Aotea/Great Barrier Island is one of New Zealand’s most stunning travel destinations off the beaten track. It is the largest and most seaward of the Hauraki Gulf islands in Auckland region. The eastern shores of Great Barrier Island face the ocean with high cliffs and long white surf beaches; the western side offers deep sheltered harbours and calm sandy bays. With a permanent population of only 1100 people there’s plenty of room for you, your friends and family.
The abundant native forest, the dramatic and rugged skyline, the mountains and valleys sweeping down to the Pacific Ocean and some of New Zealand’s most stunning beaches all create a truly unique and diverse landscape.
The entire island is off the grid: all homes and businesses are self-sufficient: they produce their own power, source their own water and dispose of their own waste. When you arrive on the island, you’ll feel worlds apart from the city. Grab this chance to disconnect and restore from your fast paced.
Learn more about what you can to expect from a holiday on beautiful Aotea Great Barrier Island here.
The island still has many amenities and comforts like wi-fi, good coffee and grocery stores, you just have to know where to look, not expect them in abundance and plan around opening times. There now is cell phone reception in many areas including; Tryphena, Medlands, Claris, Okupu and Port Fitzroy.
Tryphena is the largest settlement on the island and is situated on the south west coast. It is home to a number of picturesque family-friendly beaches, and dolphins are often spotted here close to the shoreline.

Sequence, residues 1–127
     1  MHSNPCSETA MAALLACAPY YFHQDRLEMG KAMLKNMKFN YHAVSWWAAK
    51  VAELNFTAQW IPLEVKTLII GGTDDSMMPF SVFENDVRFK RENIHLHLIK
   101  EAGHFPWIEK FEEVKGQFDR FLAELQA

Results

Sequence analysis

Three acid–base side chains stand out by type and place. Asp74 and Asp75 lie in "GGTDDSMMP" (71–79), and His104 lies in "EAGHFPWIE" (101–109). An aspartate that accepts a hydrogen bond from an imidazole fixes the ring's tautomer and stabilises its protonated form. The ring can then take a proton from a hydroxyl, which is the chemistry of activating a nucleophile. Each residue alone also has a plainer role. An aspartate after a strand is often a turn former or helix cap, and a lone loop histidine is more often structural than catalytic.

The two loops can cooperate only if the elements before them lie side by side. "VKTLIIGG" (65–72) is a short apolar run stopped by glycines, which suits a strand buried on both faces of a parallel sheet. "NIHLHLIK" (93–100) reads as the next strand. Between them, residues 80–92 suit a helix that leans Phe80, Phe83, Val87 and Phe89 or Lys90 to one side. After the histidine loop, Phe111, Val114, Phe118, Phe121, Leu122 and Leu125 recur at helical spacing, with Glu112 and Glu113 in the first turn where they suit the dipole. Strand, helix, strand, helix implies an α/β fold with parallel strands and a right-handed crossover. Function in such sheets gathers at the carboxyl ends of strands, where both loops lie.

More than 60 per cent of the Island's 285 square kilometres is public land administered by the Department of Conservation.
The bush is laced with beautiful short and long walking tracks, including to secluded natural hot springs and many stunning lookout points.
Rising 627 metres above the sea, Hirakimata - Mount Hobson beckons the hiker with the promise of incredible 360 degree views. The Department of Conservation Aotea Track is a renowned multiday walking track with 1 or 2 night options in huts along the track. We recommend hiking the track and then allowing for an extra couple of days to relax and see more of the island.
The island is a popular destination for diving, fishing, surfing, kayaking, mountain biking, hiking and camping.
The island’s wilderness areas, foreshores and estuaries are home to many taonga, including unique plant and bird species. If you have an interest in conservation and native species visit the island’s Ecology Vision website. At the regional park Glenfern Sanctuary you can find out more about conservation efforts on the island.
Accommodation options across the island range from campgrounds to award winning architectural baches. Plus, there are several lodges on the island including Great Barrier Lodge, Trillium Lodge, Shoal Bay Estate, Sunset Lodge and Tipi & Bobs. One thing you can be certain of is that anywhere you stay will have something unique, quirky or beautiful about it.
There are several events held on the island every year. No Barriers offers a weekend of exploring big ideas with experts from all over the country. Wharf2Wharf is a sporting event where athletes walk, run or cycle across the island, a marathon-length, or shorter. The Great Barrier garden tour showcases the island's stunning residential gardens. Biennial Wingman Festival takes place over Auckland Anniversary weekend and Matariki celebrations are hosted at one of the two marae on the island in July.
Note that there is no scheduled bus service on the island, but that you can easily hire a car, prebook a shuttle or hitch a ride, a common way of getting around … it’s all part of the adventure.
To help you further plan your holiday you can access maps, visitor guides, videos and much other useful information at www.greatbarrier.co.nz